SHORT ANSWER? PROBABLY NOT …
The big story in South Carolina politics over the last few weeks has been the utter clusterfuck that has befallen our state’s 2012 primary election cycle.
Once again, the Palmetto State has proven that it can’t do anything intelligently … or cleanly.
What happened? Well, as we exclusively reported way back on April 17, dozens of would-be candidates failed to file required income disclosure forms when they submitted their paperwork to run for office – rendering themselves ineligible to appear on the ballot. These documents – called statements of economic interest – are intended as a safeguard against politicians taking undisclosed payments in exchange for peddling particular interests.
Originally, both state government (specifically, the S.C. State Ethics Commission) and the mainstream media (specifically, The State newspaper) said that this failure was no big deal – claiming that an extension had been offered that would permit these candidates to file their paperwork late.
Unfortunately for these candidates, there’s nothing in state law about an extension. State law does say, however, that “a candidate must file a statement of economic interests for the preceding calendar year at the same time and with the same official with whom the candidate files a declaration of candidacy or petition for nomination.” The code goes on to say that officers authorized to receive these filing forms “may not accept a declaration of candidacy” unless such a declaration is “accompanied by a statement of economic interests.”
As much as we wish it were otherwise, the law is the law … (well, unless you’re name is Nikki Haley).
And guess what … two weeks after our story came out, the S.C. Supreme Court threw dozens of candidates off the ballot in accordance with that law, further watering down what was already a very weak field of challengers.
Now lawmakers are scrambling to try and get these candidates back on the ballot – although those efforts were dealt a setback this week at the hand of S.C. Sen. Jakie Knotts (RINO-Lexington), who has had his chubby fingers in this mess from the very beginning. After Knotts used his Senate prerogative to delay a bill aimed at rectifying the ballot issue, lawmakers tried to get around him (an admittedly difficult task) by attaching an amendment to a separate House elections bill.
This amendment would have accomplished the same goal as the original bill – i.e. giving a “mulligan” to candidates who failed to submit their income information on time.
“If the House votes to concur, it would avoid a conference committee and go straight downstairs for the signature of the governor,” wrote S.C. Sen. Kevin Bryant (R-Anderson), one of the amendment’s supporters.
And while the S.C. House stands adjourned until next week, House Speaker Bobby Harrell (RINO-Charleston) has made it clear that he will convene his chamber in the event the Senate sends over a bill.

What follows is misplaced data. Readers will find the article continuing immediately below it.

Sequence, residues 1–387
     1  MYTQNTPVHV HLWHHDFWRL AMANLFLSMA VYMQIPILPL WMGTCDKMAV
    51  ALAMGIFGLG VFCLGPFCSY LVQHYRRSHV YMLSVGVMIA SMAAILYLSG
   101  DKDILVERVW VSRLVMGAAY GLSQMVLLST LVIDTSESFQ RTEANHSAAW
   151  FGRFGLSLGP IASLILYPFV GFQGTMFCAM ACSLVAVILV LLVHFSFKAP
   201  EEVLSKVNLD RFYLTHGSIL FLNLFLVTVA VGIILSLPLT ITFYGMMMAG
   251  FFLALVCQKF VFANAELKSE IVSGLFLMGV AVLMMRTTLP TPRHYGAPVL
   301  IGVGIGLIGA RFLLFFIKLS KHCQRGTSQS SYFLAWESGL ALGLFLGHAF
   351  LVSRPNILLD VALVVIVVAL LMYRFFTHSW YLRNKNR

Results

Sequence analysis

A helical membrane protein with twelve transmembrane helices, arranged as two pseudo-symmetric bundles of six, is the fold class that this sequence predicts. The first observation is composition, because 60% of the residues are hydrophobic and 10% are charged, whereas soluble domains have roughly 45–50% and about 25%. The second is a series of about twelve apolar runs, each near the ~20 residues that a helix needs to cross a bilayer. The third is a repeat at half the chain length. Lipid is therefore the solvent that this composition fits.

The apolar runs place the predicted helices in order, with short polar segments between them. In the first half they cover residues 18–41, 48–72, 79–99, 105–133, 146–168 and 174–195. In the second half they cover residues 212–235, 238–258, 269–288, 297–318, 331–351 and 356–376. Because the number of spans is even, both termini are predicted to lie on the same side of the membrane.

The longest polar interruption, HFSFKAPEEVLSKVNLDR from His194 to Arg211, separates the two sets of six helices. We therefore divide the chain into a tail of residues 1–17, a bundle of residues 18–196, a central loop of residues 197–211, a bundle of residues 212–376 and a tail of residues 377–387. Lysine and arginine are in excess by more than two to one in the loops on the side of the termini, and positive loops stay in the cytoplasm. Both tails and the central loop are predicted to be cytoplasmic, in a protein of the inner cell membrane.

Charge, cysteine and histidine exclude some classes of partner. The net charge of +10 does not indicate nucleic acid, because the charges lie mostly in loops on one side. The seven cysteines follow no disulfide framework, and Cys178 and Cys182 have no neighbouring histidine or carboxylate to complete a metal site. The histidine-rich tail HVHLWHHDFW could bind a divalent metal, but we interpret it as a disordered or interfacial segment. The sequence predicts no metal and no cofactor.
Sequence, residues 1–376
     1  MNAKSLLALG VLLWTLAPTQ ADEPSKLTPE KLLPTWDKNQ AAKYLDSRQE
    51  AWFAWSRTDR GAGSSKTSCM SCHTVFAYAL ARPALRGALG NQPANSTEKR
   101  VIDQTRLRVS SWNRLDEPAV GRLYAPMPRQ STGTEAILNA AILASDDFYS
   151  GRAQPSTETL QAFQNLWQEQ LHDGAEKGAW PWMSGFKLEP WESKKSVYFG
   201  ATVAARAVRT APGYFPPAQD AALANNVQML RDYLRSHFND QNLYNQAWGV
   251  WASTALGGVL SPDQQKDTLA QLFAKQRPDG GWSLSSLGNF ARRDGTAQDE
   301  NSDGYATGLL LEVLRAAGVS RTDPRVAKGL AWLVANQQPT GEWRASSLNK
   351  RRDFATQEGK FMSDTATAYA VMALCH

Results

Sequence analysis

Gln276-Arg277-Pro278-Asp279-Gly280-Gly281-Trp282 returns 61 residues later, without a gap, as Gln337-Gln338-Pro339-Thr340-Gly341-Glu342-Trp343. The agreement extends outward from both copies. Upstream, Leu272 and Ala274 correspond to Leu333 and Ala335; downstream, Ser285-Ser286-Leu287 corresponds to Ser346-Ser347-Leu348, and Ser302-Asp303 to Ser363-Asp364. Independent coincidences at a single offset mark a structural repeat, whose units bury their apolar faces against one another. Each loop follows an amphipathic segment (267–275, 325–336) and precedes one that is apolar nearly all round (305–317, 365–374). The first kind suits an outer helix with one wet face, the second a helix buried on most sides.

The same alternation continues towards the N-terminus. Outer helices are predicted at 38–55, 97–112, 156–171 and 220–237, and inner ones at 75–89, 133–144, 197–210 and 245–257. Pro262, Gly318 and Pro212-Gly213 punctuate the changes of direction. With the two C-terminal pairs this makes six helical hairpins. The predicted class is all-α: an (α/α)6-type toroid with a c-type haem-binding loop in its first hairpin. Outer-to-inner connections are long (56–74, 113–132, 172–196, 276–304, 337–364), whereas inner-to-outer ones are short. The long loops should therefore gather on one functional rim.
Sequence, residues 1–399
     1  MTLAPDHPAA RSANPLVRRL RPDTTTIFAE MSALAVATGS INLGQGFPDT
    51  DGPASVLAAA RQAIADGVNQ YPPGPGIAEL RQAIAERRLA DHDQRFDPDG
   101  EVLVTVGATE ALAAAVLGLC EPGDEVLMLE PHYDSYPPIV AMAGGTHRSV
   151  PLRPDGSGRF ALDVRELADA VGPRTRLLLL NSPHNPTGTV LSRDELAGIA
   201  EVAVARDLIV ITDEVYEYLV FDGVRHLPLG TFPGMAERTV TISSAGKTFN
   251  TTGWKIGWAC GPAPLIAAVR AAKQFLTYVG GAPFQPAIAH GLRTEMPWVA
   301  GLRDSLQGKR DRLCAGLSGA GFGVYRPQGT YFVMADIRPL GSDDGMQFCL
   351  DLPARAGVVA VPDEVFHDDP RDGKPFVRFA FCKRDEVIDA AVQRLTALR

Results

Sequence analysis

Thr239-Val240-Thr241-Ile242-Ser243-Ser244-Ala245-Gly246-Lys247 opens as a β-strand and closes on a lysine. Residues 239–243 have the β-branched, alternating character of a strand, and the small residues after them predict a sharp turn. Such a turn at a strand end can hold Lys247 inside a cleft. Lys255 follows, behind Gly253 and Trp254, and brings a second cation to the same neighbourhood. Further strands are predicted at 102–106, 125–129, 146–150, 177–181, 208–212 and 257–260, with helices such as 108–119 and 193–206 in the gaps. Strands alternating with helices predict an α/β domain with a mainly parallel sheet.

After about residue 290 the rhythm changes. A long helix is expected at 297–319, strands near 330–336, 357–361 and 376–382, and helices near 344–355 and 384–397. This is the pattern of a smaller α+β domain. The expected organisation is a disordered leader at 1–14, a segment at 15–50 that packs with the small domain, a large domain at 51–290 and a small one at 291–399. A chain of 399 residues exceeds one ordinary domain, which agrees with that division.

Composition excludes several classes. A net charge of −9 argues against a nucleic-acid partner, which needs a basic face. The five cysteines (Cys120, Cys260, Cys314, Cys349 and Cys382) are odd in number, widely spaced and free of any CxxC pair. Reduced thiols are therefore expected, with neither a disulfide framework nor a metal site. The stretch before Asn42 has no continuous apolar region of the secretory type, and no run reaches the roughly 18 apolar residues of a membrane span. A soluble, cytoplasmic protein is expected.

“We stand adjourned at the call of the chair,”one House Republican source told FITS. “The Speaker will call us back if the Senate sends us an election bill.”
So far, so good.
With Haley on board, that means a “ballot fix” could conceivably be signed into law as early as Friday afternoon.
Assuming the stars align and that happens, though … what next?
Well, S.C. Attorney General Alan Wilson would then have to submit the legislation to the U.S. Department of Justice for “pre-clearance.” In fact, we’re told he’s already preparing just such a document in the event the “ballot fix” becomes law.
Why does South Carolina need permission from Washington, D.C.? Because the Palmetto State doesn’t have a stellar record of enfranchising black voters, and as a result every change to state election law must first be approved by the federal government.
How long does that process take? Well, considering that the USDOJ typically ignores South Carolina’s requests for “expedited consideration,” waiting for pre-clearance could mean a delay of up to sixty days – well past the scheduled date of the June primary elections.
And there’s no guarantee the feds would say “yes.”
Also let’s not forget that South Carolina is already well past the original April 27 deadline for candidate certification.
Why April 27? Because that’s the day federal law requires that overseas military absentee ballots be mailed for an election scheduled for June 12.
“If we hold an election that fails to abide by that statute, they will sue us,” one South Carolina election official told FITS.
In fact one South Carolina attorney, Todd Kincannon, has already filed a suit in U.S. District Court arguing that the S.C. Supreme Court violated this requirement by removing the names of candidates after these ballots had already gone out (a hearing on that case is scheduled for later this week).